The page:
View Full Version : clear hard plastic surface

08-28-2004, 03:39 AM
I'm working on some medical animation and I am not liking what my hard clear hard plastic is looking, like anybody have a good preset for such a thing?

08-28-2004, 05:30 PM
Yes, I would like to know too :)
What I found difficult was how the highlight of the lamp looks when it's reflected in the plastic surface. LW (and maybe other progs) creates a saturated "glory" ring around the highlight. Never though that looked good.
Glossy and reflective plastic works a bit better though I think. Maybe try a different light type?

08-29-2004, 01:24 AM
Can you post examples of what you feel is wrong with the renders?
Plastic can look different based on many factors.

08-29-2004, 12:24 PM
This is what I have so far. I think it is too dark but brightening things up causes the the highlights to be to strong.

08-30-2004, 03:39 PM
j_j, you know you can have one light that affects diffuse and another that affects specularity, right?

08-30-2004, 04:07 PM
Oh crap, some how I always forget things that would make my life easier. I'll give that setup a try thanks Matt.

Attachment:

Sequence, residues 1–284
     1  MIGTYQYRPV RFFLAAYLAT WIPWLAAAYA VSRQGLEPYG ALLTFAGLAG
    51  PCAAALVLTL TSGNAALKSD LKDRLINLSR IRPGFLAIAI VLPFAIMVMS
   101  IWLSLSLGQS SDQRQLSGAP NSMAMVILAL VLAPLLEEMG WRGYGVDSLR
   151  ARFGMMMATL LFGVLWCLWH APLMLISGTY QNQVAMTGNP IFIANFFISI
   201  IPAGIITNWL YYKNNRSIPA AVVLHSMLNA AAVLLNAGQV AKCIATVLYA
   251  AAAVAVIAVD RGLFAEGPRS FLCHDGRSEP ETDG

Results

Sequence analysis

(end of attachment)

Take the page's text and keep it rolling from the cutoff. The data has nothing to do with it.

08-30-2004, 04:16 PM
Also try make'n it double sided and add a gradient to help give the edges that "compound" look. Try the color, diffuse, and or lumi channels with the gradient...

Here is my quick try...looks a bit more like celophane or plexi so it's not quite right...

Triple G
08-31-2004, 01:32 AM
One thing that might help when doing surfaces such as this is to use reflection cards. By that I mean white, luminous polygons with Unseen by Camera checked on and Unseen by Rays checked off. Size and position the cards as needed, then turn on raytrace reflections to cause the cards to be reflected on your surfaces (assuming they have some amount of reflectivity). Then, just play around with the reflection values of your surface as well as the luminosity value of the card(s). Since what you're seeing in the real world when you see a specular highlight is really just reflected light, this method is a bit more true-to-life and can often yield better (or at least more controllable) results than using specular lights.

08-31-2004, 01:36 AM
for real looking specular lighting you should use raytrace reflection and use bright objects as fake light souces besides your real lights, and keep the specular to a minimum, also playing around with gradients on the transparency and reflection channels can give you lots of control on the final look, of couse Fprime makes that really easy to do.

08-31-2004, 05:38 AM
Cool tip, guys! I'll have to try that myself.

08-31-2004, 11:09 AM
This is great you guys ROCK!!
Thanks so much for the help.